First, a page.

yesterday posted profit that beat analysts' estimates as sales fell less than its own forecast.
Unlike most retailers, Home Depot gets the majority of its sales in the spring as homebuilding ramps up as temperatures warm. Despite the heavy weighting of springtime sales, Home Depot gets brisk sales in the South and West, where winter isn't as cold. But this year was colder and snowier than most, slowing the pace of sales. Some analysts have suggested that sales of salt, heaters, snow shovels and snow blowers offset losses from construction, and while that may be partly true, the increase in cold-weather supplies had to have been substantial to cover the losses.
Revenue in the fourth quarter of 2008 dropped by about $3 billion, accounting for half of the year's decline. Still, sales in the most recent quarter were projected by analysts to fall, despite the low base of a year earlier. Analysts expected the company to post earnings per share of 17 cents on revenue of about $14 billion. The company had earnings of 24 cents a share on revenue of $14.6 billion, besting last year's results which featured earnings of 19 cents per share on similar revenue.
The stock price of about $30 suggests a bullish turnaround in the housing market. While Home Depot is a strong company financially, the share price probably won't see much justification for a further rise in 2010 unless earnings continue to be strong despite the expiration of the first homebuyer tax credit. The company also increased the dividend to 5%, which should bolster the price at its current level.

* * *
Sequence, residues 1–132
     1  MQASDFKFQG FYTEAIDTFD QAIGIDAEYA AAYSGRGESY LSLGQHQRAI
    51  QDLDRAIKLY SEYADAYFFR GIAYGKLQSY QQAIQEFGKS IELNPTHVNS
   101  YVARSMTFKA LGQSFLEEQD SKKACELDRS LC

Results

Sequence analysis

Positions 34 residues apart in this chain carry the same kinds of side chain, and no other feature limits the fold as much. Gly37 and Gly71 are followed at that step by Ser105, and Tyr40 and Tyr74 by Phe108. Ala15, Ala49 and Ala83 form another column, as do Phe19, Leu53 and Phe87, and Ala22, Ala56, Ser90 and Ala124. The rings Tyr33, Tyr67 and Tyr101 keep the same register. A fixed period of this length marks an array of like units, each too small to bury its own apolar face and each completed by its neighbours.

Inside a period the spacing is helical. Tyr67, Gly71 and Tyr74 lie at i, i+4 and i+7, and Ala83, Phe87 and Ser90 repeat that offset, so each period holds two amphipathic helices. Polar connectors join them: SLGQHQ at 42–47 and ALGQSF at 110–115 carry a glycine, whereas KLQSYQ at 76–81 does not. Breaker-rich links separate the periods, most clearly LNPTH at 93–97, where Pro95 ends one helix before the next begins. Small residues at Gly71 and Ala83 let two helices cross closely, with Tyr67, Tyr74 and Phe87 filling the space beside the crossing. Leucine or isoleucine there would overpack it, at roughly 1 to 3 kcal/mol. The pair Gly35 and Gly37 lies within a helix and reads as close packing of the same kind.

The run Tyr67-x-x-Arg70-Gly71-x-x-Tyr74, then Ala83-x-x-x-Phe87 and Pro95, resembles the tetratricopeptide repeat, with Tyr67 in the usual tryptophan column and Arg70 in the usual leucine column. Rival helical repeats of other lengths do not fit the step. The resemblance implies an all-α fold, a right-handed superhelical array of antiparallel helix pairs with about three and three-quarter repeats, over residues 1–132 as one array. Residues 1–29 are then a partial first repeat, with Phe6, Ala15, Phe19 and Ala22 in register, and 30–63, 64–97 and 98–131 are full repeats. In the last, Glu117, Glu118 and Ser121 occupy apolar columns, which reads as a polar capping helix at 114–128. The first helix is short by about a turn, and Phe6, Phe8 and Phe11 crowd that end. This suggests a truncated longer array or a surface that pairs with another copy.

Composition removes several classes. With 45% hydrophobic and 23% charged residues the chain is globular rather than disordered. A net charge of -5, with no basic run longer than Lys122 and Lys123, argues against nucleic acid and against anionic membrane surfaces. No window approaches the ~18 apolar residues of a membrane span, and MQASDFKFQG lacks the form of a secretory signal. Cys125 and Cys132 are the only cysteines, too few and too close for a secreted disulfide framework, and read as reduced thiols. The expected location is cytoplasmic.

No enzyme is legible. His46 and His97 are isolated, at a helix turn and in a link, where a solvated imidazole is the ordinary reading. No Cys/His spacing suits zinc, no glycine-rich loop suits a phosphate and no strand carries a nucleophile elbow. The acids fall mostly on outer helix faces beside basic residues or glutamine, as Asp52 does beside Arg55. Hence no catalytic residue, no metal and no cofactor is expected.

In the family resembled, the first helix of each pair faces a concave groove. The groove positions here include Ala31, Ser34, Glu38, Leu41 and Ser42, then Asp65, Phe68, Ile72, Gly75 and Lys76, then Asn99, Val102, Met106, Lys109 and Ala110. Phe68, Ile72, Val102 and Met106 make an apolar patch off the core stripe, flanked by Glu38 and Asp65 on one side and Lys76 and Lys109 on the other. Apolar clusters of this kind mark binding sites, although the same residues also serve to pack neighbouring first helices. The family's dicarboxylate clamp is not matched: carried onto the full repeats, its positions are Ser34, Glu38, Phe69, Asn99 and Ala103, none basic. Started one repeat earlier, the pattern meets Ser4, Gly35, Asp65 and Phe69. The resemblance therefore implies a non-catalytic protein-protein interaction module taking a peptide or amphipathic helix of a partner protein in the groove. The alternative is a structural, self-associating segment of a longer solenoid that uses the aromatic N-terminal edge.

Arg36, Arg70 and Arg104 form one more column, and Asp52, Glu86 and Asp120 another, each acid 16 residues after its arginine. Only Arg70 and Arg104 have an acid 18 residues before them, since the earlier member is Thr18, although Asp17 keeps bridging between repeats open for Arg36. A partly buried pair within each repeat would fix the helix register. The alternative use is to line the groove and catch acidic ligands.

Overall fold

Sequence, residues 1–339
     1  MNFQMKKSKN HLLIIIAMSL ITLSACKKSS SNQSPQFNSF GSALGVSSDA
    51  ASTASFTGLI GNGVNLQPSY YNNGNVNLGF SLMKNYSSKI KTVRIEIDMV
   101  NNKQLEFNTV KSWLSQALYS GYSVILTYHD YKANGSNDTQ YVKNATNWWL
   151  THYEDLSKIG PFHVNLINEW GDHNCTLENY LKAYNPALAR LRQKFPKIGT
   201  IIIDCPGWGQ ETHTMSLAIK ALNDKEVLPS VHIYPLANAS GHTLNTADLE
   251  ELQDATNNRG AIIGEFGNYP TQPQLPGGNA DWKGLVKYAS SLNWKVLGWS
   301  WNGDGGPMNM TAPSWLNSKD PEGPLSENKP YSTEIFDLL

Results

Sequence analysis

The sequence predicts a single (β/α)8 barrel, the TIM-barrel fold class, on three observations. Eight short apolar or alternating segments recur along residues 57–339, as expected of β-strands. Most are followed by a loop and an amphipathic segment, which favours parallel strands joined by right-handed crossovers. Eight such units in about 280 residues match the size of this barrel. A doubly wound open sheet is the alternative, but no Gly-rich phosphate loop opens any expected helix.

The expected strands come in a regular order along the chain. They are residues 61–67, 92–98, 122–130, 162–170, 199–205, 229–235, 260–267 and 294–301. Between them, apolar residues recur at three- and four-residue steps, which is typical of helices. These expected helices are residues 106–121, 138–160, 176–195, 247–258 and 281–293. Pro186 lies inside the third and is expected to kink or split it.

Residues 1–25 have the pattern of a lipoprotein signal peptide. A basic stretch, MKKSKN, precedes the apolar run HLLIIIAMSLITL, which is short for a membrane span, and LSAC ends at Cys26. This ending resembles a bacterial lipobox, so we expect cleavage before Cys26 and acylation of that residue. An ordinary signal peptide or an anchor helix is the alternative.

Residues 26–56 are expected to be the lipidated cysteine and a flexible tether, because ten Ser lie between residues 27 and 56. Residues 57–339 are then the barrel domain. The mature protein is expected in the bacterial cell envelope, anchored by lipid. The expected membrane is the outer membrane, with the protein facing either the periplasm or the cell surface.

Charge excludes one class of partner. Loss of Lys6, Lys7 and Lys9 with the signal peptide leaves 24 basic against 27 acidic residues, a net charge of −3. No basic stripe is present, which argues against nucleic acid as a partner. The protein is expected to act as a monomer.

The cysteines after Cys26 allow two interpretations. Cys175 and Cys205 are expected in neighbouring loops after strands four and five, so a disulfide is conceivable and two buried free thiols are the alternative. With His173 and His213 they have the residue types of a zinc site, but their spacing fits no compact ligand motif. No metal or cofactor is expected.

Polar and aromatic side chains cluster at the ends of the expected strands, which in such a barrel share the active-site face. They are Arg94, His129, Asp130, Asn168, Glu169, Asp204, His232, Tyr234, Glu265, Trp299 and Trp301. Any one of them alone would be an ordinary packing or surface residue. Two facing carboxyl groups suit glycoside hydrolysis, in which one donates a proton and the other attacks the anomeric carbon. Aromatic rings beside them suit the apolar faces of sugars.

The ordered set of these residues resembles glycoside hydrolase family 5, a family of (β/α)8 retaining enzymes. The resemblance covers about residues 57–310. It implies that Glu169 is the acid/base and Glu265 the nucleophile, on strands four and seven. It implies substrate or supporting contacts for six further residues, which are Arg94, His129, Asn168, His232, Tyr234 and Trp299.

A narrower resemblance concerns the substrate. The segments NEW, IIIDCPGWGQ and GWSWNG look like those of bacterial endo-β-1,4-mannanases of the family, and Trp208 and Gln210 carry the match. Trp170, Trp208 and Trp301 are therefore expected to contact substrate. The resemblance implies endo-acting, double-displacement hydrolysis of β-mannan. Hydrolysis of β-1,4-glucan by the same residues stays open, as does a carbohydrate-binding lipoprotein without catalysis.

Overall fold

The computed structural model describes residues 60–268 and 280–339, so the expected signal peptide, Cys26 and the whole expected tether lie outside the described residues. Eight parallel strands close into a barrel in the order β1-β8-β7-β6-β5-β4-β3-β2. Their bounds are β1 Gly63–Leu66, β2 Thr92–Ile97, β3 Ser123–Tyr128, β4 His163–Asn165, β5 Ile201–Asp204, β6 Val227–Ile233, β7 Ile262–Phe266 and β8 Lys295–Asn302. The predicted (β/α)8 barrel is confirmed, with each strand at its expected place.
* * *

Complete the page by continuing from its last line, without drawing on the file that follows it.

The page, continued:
The major event on the horizon for Home Depot that has many investors worried is the expiration of the new-homebuyer tax credit in April. Some fear that when the credit disappears and the market is forced to stand on its own two feet, there could be another slide in home prices. That could trigger more volatility in the market as homeowners holding on to a small sliver of home equity either walk away or are unable to sell as buyers suddenly disappear.
Home Depot's underlying fundamentals are appealing. A freshly increased dividend yield of 5% and a beta value of only 0.63 make the stock look stable, but a return on equity of just 12.3%, a price-to-earnings ratio in the mid-20s, slight profitability and a high stock price are barriers.
Lowe's has had a much more understated advance over the past year. As Home Depot gained more than 50%, Lowe's tacked on 36%, keeping its P/E ratio in the high teens. As a result, Home Depot looks expensive compared with Lowe's, and the prospect of outsized returns for Home Depot seems far-fetched.
There is much more to an earnings release than year-over-year comparisons and beating analysts' expectations. Company management has to do a good job of foretelling the anticipated direction of sales in the coming year. With the unease in the housing market, that was a tough sell. Management projected sales growth of 2.5%. Given the uncertain nature of the next few months in the housing market, that projection will be highly scrutinized.
Prior to joining TheStreet.com Ratings, David MacDougall was an analyst at Cambridge Associates, an investment consulting firm, where he worked with private equity and venture capital funds. He graduated cum laude from Northeastern University with a bachelor's degree in finance and is a Level III CFA candidate.